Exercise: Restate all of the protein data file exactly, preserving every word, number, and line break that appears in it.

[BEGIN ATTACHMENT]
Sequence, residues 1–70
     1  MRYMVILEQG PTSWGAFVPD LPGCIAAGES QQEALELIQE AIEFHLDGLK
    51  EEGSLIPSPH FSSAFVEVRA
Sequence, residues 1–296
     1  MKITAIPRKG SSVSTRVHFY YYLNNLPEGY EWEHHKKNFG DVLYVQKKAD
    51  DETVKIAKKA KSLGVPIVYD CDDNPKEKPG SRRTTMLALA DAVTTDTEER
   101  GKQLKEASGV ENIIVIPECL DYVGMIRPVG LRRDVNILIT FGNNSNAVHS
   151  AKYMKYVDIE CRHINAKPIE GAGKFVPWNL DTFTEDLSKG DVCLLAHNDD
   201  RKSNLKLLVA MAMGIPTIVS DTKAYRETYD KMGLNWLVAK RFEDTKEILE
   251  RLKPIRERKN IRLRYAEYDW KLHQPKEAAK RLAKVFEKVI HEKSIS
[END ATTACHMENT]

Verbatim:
Sequence, residues 1–70
     1  MRYMVILEQG PTSWGAFVPD LPGCIAAGES QQEALELIQE AIEFHLDGLK
    51  EEGSLIPSPH FSSAFVEVRA
Sequence, residues 1–296
     1  MKITAIPRKG SSVSTRVHFY YYLNNLPEGY EWEHHKKNFG DVLYVQKKAD
    51  DETVKIAKKA KSLGVPIVYD CDDNPKEKPG SRRTTMLALA DAVTTDTEER
   101  GKQLKEASGV ENIIVIPECL DYVGMIRPVG LRRDVNILIT FGNNSNAVHS
   151  AKYMKYVDIE CRHINAKPIE GAGKFVPWNL DTFTEDLSKG DVCLLAHNDD
   201  RKSNLKLLVA MAMGIPTIVS DTKAYRETYD KMGLNWLVAK RFEDTKEILE
   251  RLKPIRERKN IRLRYAEYDW KLHQPKEAAK RLAKVFEKVI HEKSIS